For alcoholic beverages and tobacco4, prices were lowest in Hungary (63% of the average) and highest in Ireland (163%). This large price variation is mainly due to differences in taxation of these products among Member States. Estonia 83

Clothing5 is one of the groups of products showing a smaller price variation among Member States, with Bulgaria (75% of the average) cheapest and Sweden (133%) most expensive. Estonia 101.

Consumer electronics6 is another group of products where prices differed less among Member States, ranging from 89% of the average in Poland to 125% in Malta. Estonia 100

Excluding Denmark (167% of the average), price differences among Member States were also limited for personal transport equipment, with levels varying from 83% of the average in Bulgaria to 122% in Portugal. Estonia 90

For restaurants and hotels, price variations were more significant, with price levels ranging from 45% of the average in Bulgaria to 154% of the average in Denmark. Estonia 74

See full table here:

84 100 asylum seekers in EU 2011

The EU27 Member States granted protection to 84 100 asylum seekers in 2011 compared with 75 800 in 2010. The largest groups of beneficiaries of protection status1 in the EU27 were citizens of Afghanistan (13 300 persons or 16% of the total number of persons granted protection status), Iraq (9 000 or 11%) and Somalia (8 900 or 11%), reported Eurostat, the statistical office of the European Union. 

In 2011, 365 600 decisions on asylum applications4 were made in the EU27, of which 237 400 were first instance decisions and 128 200 final decisions on appeal. Decisions made at the first instance5 resulted in 59 500 persons being granted protection status, while a further 24 600 received protection status on appeal6. In total, of the 84 100 persons who were granted protection status in 2011, 42 700 persons were granted refugee status, 29 400 subsidiary protection and 12 000 authorisation to stay for humanitarian reasons. In addition, the EU27 Member States received 4 100 resettled refugees.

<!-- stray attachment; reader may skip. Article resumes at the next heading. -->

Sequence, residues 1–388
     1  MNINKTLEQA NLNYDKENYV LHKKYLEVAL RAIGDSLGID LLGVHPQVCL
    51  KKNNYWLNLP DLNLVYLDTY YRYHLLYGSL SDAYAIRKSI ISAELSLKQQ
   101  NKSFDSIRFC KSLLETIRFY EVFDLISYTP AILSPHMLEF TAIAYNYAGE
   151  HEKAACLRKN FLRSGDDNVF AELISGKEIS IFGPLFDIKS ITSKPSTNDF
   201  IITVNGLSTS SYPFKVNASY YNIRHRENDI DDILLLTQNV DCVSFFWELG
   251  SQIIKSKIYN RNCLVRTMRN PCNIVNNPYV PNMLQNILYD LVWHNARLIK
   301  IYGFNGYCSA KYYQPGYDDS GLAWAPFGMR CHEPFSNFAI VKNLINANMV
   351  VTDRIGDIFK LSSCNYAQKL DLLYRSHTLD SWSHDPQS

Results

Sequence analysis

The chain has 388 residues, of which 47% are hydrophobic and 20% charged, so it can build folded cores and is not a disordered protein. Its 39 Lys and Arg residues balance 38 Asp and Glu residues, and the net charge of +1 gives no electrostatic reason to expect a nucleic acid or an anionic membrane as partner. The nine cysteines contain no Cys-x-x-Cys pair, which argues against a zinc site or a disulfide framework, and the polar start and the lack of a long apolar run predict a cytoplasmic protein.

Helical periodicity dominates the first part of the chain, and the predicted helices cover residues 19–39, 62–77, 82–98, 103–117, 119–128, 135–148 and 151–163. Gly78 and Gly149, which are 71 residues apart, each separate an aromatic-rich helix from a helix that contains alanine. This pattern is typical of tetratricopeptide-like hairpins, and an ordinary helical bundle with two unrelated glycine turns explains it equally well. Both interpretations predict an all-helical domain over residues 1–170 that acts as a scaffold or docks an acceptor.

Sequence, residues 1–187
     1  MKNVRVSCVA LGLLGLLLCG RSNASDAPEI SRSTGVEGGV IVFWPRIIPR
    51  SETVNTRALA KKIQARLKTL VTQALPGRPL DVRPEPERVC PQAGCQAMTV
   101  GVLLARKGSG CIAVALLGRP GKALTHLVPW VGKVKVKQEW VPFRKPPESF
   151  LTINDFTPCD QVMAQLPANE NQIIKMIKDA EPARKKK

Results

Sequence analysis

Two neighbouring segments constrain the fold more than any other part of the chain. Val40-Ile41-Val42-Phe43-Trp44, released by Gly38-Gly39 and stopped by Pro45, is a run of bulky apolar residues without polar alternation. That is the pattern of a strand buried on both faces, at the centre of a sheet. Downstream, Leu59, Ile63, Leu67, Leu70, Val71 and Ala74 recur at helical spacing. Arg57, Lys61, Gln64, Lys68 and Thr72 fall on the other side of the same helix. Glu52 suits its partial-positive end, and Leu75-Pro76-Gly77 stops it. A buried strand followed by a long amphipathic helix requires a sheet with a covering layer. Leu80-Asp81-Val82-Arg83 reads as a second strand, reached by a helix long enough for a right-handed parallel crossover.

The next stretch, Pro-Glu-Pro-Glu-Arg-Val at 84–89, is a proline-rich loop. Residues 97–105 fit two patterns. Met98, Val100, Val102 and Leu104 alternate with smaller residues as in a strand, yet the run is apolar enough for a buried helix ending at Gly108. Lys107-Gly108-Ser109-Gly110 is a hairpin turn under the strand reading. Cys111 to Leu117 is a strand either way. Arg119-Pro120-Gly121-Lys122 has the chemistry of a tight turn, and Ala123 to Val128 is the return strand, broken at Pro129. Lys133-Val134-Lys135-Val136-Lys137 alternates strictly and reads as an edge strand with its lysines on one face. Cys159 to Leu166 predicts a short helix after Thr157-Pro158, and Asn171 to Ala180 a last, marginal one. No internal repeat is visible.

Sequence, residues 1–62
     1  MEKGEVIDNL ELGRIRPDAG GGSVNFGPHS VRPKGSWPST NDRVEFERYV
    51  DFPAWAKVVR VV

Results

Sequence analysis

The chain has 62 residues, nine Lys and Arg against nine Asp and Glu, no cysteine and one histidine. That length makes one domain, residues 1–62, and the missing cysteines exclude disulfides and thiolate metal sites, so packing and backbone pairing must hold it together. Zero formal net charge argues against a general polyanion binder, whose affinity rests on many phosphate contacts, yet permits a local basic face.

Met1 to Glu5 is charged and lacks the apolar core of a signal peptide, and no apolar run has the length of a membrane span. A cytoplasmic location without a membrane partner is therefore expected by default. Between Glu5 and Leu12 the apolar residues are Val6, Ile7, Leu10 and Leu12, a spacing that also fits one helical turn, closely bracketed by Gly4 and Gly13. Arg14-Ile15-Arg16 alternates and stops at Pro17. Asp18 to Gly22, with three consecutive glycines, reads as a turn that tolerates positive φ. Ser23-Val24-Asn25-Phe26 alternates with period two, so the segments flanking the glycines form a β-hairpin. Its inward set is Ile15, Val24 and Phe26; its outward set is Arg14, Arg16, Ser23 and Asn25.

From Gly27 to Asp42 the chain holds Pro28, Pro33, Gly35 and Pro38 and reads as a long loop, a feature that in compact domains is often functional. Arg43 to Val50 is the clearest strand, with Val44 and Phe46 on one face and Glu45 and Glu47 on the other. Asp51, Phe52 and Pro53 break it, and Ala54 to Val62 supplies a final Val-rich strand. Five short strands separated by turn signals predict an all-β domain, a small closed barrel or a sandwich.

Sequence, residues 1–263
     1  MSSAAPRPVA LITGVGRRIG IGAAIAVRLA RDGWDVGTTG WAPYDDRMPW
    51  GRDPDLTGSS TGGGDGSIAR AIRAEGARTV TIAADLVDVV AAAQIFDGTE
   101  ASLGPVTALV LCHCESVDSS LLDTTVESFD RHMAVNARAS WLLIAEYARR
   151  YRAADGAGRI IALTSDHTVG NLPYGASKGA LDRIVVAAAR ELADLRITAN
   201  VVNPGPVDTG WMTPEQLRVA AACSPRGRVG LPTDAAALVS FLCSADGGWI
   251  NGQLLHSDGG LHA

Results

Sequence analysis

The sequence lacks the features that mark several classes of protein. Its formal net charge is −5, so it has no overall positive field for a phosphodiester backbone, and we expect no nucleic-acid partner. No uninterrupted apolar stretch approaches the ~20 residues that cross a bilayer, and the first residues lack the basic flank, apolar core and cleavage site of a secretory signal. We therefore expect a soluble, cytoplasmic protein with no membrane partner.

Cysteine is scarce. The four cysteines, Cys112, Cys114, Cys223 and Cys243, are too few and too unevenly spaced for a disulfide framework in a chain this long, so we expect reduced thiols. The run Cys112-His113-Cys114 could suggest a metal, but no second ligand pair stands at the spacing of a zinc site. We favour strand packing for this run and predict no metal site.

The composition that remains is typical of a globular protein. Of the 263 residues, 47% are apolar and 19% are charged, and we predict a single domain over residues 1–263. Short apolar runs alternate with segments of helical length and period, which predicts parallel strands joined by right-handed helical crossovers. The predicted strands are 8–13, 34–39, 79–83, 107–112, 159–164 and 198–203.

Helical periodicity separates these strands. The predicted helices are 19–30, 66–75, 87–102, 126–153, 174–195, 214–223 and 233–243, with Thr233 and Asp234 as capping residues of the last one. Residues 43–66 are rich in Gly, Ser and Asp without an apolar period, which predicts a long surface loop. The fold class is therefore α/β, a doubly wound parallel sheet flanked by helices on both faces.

The rate of recognition of asylum applicants, i.e. the share of positive decisions in the total number of decisions, was 25% for first instance decisions, split between refugee and subsidiary protection status (21%) and humanitarian status (4%). For final decisions on appeal the recognition rate was 19%, again split between refugee and subsidiary protection status (17%) and humanitarian status (2%). 

In 2011, the highest number of persons granted protection status was registered in the United Kingdom (14 400), followed by Germany (13 000), France (10 700), Sweden (10 600), the Netherlands (8 400) and Italy (7 500). These Member States accounted for more than three quarters of all those granted protection status in the EU27. 

See also – Decisions on asylum applications in 2011

Universities invite students to study IT

Estonian universities announced that they are ready to ennrol more students for studying information technology.

A representative of the Tallinn Technical University said that the university will this year have 1,770 state-funded slots plus 715 slots for master’s studies.

The state is keen to see more young people to study information technology because employers are complaining about lack of workforce in this sector.

Tartu University is also promoting IT as one of the key specialisations.

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See also study opportunities in English language at the Estonian School of Hotel and Tourism Management

H&M to open its first three stores in Estonia

The developer and manager of retail properties Citycon and the Swedish clothing retailer Hennes & Mauritz (H&M) signed an agreement on Wednesday whereby two new H&M stores will be opened in Tallinn in the fall of 2013. Citycon is the owner of the Rocca al Mare, Kristiine and Magistrali shopping centres in Tallinn.